Daniel Ricciardo was one of the surprise top performers of the 2020 FIA Formula One World Championship, gaining fifth place in the Drivers’ Championship in a Renault DP World F1 Team car that had underperformed in recent years.
Ricciardo took the plunge to join the French team after taking the career changing decision to leave Aston Martin Red Bull Racing at the end of the 2018 season. His 2018 hadn’t gone well with the team and his love affair finished with a season marred by eight retirements.
Speaking after his retirement after the 2018 Mexican Grand Prix, Ricciardo stated “This sucks and it is at a point where I feel why should I even come on a Sunday.“There hasn’t been a clean weekend for so long due to many different reasons and it’s breaking my heart. Deflated comes to mind but this feels deeper than that.”
It was clear that Ricciardo’s fun side had diminished in the Red Bull car and was ready for a new challenge.
2019 with Renault
Ricciardo’s first year with Renault was a complete contrast to his previous years with Red Bull. Instead of competing for podiums, he was down the back-end grid competing for points. It was the first year since the 2013 season that the Australian driver went all season without obtaining a podium.
His season didn’t get off a great start when he retired from his home race, the Australian Grand Prix. His bad luck continued throughout the season when he failed to score points at thirteen of the twenty-one races, with four of those results being in retirements.
Probably Ricciardo’s unfavoured moment with Renault is his and team-mate Nico Hülkenberg’s disqualification from the Japanese Grand Prix. The duo had finished sixth and tenth respectively, but those points were ripped away after a protest was lodged by BWT Racing Point Formula One Team for the team having a ‘pre-set, automated brake bias system’. This was deemed to be a breach of F1’s Sporting and Technical Regulations and the FIA International Sporting Code.
His best finish of the year came at the Italian Grand Prix, he finished the race in fourth place after being strong all weekend, especially with a qualifying position of fifth.
Ricciardo finished the year down in ninth in the Drivers’ Championship, his lowest finish since 2013, with Renault in fifth.
Speaking to Crash.net at the end of 2019, Ricciardo reflected on what he believes was a very underwhelming season for him: “Relatively speaking not great, I don’t see myself as the ninth-best driver on the grid. I don’t look into it too much because I believe I am better. Do I want to be ninth for the next few years and have the excuse that I am better than ninth, but it is what it is? No. I don’t like seeing myself in ninth.”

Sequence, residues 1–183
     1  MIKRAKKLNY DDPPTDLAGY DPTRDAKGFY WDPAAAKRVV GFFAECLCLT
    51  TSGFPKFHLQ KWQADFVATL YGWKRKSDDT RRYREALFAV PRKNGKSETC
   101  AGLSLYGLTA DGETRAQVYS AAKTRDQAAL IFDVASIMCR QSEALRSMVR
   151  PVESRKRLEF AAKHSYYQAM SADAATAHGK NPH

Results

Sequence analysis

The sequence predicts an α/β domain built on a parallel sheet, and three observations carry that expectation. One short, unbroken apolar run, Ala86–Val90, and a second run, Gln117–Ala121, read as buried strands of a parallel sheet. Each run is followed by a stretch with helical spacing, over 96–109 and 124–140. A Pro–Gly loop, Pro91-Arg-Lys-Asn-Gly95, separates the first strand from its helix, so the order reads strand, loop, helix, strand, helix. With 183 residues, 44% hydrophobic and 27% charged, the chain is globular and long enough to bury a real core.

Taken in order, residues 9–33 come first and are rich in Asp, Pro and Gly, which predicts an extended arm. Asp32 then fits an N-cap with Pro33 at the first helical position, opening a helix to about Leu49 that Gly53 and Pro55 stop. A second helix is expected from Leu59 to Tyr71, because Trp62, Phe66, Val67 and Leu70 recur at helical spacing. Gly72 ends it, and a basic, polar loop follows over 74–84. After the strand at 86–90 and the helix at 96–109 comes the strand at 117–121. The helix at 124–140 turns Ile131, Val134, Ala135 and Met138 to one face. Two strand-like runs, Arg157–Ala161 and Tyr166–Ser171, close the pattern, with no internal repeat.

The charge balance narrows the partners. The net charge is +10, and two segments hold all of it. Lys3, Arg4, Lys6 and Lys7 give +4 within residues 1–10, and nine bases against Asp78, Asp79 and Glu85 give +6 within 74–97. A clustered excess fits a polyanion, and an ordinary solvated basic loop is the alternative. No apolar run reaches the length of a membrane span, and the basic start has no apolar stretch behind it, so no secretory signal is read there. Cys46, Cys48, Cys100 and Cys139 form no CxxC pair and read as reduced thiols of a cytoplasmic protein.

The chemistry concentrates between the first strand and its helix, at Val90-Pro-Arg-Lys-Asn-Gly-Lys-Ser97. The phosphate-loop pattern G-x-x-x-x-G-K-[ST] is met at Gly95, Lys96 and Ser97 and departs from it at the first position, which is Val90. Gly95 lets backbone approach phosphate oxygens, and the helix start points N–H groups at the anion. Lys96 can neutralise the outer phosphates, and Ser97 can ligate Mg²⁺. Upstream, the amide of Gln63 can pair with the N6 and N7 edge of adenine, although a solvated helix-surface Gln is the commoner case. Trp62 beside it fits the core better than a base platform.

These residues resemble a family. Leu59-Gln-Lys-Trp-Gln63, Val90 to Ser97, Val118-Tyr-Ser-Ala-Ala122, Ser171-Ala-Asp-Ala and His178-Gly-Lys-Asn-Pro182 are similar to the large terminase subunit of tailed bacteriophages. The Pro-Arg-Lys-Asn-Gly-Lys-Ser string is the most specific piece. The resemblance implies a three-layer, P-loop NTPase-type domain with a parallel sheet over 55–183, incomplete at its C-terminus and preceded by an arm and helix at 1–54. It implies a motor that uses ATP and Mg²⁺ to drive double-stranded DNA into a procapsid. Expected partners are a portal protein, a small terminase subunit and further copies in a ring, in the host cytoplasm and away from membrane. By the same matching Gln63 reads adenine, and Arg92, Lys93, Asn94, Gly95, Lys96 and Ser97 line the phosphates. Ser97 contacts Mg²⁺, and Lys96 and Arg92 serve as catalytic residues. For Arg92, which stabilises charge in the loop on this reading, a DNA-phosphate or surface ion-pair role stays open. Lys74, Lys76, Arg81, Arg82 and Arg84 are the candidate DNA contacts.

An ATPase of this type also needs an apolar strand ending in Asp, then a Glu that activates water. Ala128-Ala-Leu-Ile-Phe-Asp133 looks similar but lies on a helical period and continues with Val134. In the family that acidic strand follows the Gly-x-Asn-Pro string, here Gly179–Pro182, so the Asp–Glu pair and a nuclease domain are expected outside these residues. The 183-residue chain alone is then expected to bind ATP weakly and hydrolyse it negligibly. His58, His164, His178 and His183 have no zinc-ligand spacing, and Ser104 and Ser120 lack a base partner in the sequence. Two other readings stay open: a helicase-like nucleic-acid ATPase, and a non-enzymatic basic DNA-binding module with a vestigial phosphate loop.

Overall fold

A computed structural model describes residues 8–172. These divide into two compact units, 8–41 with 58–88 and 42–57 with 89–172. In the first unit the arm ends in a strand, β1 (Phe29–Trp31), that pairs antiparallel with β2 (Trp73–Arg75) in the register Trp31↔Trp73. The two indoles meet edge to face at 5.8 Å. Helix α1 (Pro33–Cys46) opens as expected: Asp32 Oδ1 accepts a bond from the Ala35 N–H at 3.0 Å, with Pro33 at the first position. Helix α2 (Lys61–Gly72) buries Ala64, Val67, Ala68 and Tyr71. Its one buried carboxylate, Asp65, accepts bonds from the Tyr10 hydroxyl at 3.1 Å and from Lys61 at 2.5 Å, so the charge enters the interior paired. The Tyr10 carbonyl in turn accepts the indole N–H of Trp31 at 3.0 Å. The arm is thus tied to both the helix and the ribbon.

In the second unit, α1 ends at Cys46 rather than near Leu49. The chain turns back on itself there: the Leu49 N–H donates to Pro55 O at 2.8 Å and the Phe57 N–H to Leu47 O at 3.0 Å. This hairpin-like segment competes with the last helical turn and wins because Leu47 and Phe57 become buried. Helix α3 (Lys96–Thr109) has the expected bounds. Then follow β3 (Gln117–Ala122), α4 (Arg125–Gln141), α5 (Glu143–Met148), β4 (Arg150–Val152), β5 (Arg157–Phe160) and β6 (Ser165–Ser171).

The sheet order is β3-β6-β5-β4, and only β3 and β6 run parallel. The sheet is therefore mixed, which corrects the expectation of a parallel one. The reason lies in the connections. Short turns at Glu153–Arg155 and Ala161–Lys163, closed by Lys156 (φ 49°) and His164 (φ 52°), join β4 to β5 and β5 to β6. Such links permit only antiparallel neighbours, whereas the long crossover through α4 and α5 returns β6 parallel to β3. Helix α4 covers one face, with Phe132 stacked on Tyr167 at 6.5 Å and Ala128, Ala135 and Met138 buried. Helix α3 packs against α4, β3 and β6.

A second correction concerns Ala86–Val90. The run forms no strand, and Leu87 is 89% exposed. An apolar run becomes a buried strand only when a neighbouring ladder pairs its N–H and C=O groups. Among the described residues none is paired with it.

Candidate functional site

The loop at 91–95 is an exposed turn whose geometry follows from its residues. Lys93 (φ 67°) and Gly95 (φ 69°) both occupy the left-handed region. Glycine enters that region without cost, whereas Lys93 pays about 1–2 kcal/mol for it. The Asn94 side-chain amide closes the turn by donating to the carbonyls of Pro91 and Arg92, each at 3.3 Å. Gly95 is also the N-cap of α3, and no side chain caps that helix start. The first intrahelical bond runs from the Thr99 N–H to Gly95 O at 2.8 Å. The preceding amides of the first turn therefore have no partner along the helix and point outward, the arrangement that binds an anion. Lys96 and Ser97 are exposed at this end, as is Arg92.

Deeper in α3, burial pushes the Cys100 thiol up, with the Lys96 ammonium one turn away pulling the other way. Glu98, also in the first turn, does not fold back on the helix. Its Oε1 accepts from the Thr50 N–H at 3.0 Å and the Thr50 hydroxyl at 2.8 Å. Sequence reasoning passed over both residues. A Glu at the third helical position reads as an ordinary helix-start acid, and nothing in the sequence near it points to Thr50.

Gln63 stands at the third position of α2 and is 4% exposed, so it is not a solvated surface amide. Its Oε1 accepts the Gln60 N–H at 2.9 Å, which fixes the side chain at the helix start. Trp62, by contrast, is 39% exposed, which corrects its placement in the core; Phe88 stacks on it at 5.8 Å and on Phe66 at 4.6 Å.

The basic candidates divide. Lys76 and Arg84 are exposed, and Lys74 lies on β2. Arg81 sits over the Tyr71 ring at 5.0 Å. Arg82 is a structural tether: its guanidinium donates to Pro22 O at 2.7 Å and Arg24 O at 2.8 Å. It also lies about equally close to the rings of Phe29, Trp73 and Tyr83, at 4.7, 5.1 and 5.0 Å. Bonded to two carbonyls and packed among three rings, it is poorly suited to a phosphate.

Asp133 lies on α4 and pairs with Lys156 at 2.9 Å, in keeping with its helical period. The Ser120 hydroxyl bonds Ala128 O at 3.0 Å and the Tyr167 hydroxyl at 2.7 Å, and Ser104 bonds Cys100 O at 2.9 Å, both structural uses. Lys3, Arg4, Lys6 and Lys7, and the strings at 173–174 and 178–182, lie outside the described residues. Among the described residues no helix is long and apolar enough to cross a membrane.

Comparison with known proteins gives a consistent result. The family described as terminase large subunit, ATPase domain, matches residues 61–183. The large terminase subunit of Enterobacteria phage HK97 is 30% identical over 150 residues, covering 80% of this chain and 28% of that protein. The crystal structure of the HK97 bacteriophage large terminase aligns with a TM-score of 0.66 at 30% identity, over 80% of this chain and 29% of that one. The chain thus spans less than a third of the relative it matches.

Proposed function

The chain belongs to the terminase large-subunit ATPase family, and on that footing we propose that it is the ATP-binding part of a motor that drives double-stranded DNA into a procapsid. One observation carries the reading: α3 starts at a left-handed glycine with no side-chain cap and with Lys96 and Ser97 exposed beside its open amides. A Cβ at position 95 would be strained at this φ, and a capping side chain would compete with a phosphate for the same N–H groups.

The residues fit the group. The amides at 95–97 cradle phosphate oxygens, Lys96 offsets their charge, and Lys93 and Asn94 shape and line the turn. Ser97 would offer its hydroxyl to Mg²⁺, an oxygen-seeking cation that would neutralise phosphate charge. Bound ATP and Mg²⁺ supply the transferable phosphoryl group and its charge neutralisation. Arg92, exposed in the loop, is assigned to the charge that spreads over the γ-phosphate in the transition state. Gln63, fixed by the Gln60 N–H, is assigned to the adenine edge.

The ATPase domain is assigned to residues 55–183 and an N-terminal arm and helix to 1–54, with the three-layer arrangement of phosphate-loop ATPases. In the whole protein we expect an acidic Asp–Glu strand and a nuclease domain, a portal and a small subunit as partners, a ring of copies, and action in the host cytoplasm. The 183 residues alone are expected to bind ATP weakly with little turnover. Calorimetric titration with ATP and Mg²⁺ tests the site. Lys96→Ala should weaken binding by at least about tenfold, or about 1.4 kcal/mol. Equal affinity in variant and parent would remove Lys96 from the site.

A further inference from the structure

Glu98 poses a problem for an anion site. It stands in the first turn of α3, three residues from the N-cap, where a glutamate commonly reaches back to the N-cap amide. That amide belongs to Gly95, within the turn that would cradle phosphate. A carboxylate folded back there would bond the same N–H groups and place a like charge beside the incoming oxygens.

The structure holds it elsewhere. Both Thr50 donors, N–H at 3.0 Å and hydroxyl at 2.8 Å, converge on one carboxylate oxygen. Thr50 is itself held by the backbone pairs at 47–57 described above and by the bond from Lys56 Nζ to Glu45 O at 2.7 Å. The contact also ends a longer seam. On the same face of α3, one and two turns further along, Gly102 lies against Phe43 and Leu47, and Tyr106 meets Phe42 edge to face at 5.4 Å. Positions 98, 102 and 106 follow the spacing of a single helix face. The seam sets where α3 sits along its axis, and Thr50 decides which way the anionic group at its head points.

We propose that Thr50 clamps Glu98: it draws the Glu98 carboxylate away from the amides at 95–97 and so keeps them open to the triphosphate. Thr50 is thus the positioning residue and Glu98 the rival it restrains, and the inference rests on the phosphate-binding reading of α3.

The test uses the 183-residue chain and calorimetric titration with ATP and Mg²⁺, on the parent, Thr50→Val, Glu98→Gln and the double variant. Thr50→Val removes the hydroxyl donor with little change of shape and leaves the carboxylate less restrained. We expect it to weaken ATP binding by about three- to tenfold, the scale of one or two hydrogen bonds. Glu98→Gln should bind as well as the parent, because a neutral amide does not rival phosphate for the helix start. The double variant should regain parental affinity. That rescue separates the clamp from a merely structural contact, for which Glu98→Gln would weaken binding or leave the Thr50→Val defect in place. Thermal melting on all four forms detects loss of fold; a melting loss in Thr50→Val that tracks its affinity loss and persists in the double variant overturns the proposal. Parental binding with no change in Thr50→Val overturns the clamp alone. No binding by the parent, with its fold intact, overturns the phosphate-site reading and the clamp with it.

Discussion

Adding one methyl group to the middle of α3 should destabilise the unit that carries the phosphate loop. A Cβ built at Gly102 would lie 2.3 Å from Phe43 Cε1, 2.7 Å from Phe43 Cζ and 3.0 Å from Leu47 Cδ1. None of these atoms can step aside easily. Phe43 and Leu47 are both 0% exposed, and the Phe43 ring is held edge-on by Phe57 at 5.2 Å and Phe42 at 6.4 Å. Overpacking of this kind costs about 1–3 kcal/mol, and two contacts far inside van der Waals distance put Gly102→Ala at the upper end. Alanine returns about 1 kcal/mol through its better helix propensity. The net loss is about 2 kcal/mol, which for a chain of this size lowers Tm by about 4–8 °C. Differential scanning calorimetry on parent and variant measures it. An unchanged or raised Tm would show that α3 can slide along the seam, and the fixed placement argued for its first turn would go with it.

2020 with Renault
The 2020 season started off in a similar fashion to the 2019 season with a retirement. However, looking ahead to what he achieved throughout the season, that one lone retirement from himself will be the least of his worries.
Out of the seventeen races, Ricciardo only failed to score points in three of the races, a contrast to the weak results of the previous years.
Throughout the year, Ricciardo and Team Principal Cyril Abiteboul had an ongoing bet that if Ricciardo was able to get his car on the podium, Abiteboul will get a tattoo to commemorate the achievement. Ricciardo came close one three occasions, gaining fourth place at the British, Belgian and Tuscan Grand Prix. After knocking on the door for so long, his time finally came with a third-place finish at the Eifel Grand Prix, becoming the first Renault driver on the podium since Nick Heidfeld at the 2011 Malaysian Grand Prix. It was also Ricciardo’s first podium since his win at the 2018 Monaco Grand Prix.
He didn’t finish there and carried on pushing for more trophies and found himself on the podium again at the Emilia Romagna Grand Prix, again with a third-place finish. Ricciardo finished the year in fifth place in the Drivers’ Championship with 119 points, his highest finish since 2017. He also gained fastest lap points at the Belgian and Abu Dhabi Grand Prix.
On top of his strong performance, Ricciardo was voted in third place by his peers in the Formula 1 official polls.
As Ricciardo bows out from his two years at Renault, Abiteboul feels like it’s partly his fault that the team could not retain the driver.
Speaking to L’Equipe, Abiteboul said: “It blew me away to hear him announce his departure because this winter, I felt the car had potential. The pandemic stopped everything, but I blame myself for not having been able to show Daniel what was the true potential of our project.”
Switch to McLaren
Ricciardo decided to leave Renault in favour of teaming up with Lando Norris at McLaren F1 Team in 2021 before the 2020 season had got underway. It was announced in May 2020 that McLaren driver Carlos Sainz Jr. would be joining the big red in Scuderia Ferrari, in replacement of Sebastian Vettel, leaving a vacant seat at the papaya team.
McLaren have been going from strength to strength in recent years, finishing fourth in the Constructors Championship in 2019 with their first podium since 2014 to boot as well.
They went one further in 2020, finishing third and walking away with two podiums and a three fastest lap points.
From the 2021 season, McLaren will be changing engine manufacturer from Renault to Mercedes, surely something Ricciardo took into consideration when making his switch.
So, with both McLaren and Renault on the charge in 2020, will he have made the right decision? Only time will tell come the 2021 season opener at the Australian Grand Prix in March.